Satellite Navigation - 12/01/2007
Over the last twenty years Global Positioning System (GPS) receivers have revolutionised navigation. Integrated devices are capable of providing time, position, height, direction, heave and attitude, to accuracy of a few nanoseconds time, 1cm position or 0.01-degree heading. This article explores the future development and implications of Satellite Positioning.Satellite Positioning dominates navigation at sea, in the air and on land and is now available in our cell phones and wristwatches. How it currently works was explored in the October 2006 issue of Hydro international in an article titled ‘Satellite Positioning’ (pp 35-39). But how will it work in the future Will the receivers of today be usable in ten years time Will augmentation still be required for accurate positioning Will legislation force new receiver technology to be installed GPS is evolving; the Russian equivalent Glonass is in resurgence, the European Galileo system progressing and other GNSS (Global Navigation Satellite Systems) are under development by Japan, India and China. In addition, there are increasing numbers of GNSS Augmentation Systems. For GNSS manufacturers and users the next decade will see rapid technological change, more choice and greater performance.
The expected GNSS operational characteristics are summarised in Table 1. Items in red text are expected to become available in the future, according to the most recent statements by their respective owners/planners. Table 2 shows the expected codes and signals available for GPS, Glonass and Galileo. Compass is still at the definition stage and there is as yet no Interface Control Document publicly available. The timeline for the number of GNSS satellites expected to be operating at the different frequencies is shown in Figure 1.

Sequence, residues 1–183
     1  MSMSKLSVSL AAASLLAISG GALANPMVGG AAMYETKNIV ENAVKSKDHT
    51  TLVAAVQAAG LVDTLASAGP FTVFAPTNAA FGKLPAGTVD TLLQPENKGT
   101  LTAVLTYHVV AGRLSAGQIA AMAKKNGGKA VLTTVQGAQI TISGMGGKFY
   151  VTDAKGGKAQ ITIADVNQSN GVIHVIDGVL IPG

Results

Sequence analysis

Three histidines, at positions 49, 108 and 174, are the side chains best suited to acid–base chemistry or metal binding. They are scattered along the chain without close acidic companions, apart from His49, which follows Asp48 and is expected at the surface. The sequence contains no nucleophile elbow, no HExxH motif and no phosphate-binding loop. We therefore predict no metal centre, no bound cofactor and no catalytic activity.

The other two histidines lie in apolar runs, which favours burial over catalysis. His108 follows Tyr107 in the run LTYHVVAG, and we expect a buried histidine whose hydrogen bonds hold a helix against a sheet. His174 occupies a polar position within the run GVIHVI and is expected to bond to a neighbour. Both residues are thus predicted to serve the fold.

USA GPS and WAAS
Thirty-one satellites currently provide two frequencies, L1 and L2, with the civilian Coarse Acquisition Code (C/A) on L1 and the Military P Code encrypted to Y Code available on both L1 and L2. The first three GPS IIR-M satellites with the new L2C codes have been launched and the next launch is scheduled for spring 2007. The first of the next-generation IIF satellites has been postponed to at least March 2008; this will feature the new L5 frequency and codes, plus an anti-jam flex power capability for the military. The L1C code, compatible with the Galileo L1C, is due for launch in 2013 on the first of the GPS IIIA satellites. This is later than originally anticipated because of the outstanding longevity of the satellites and recent budgetary restraints.
Broadcast orbit and clock accuracy have reportedly improved by as much as 15-20% since 7th September 2005 when the number of tracking stations was increased from six to twelve, providing increased coverage at high latitudes. Five more tracking stations are due to be added within the next two years.
Dual-frequency L2C capable receivers will be capable of accessing the L2 signal with a 10 to 20dB greater signal strength than the currently used cross-correlation techniques, resulting in more reliable dual-frequency performance in areas of poor signal. The full benefits of L2C will not be available until the majority of the current satellite constellation has been replaced by L2C-capable satellites; then we may see low-power, consumer-grade, dual-frequency GPS receivers. Unlike L1 and L5, L2 has never had International Telecommunications Union (ITU) protection for Aeronautical Radio Navigation Service (ARNS).
The future L5 will feature a higher power signal, higher bandwidth and enhanced signal structure for superior performance. Higher power will help overcome Distance Measuring Equipment (DME), which shares the ARNS band that includes L5. Receiver manufacturers will need to blank these relatively high-power DME signals where they become noticeable near airports.
The introduction of L1C will be in addition to the existing C/A code, ensuring that legacy GPS equipment continues to work. L1C is currently being designed to be compatible with Galileo. Future tri-frequency GPS receivers will be better able to determine ionospheric and tropospheric delay, leading to greater confidence in determined position, especially height. In addition there will be three possible signal pairs, and this will improve reliability and robustness of integer selection for Real Time Kinematic (RTK) precise positioning and the range at which integers can be successfully resolved from a single RTK base station.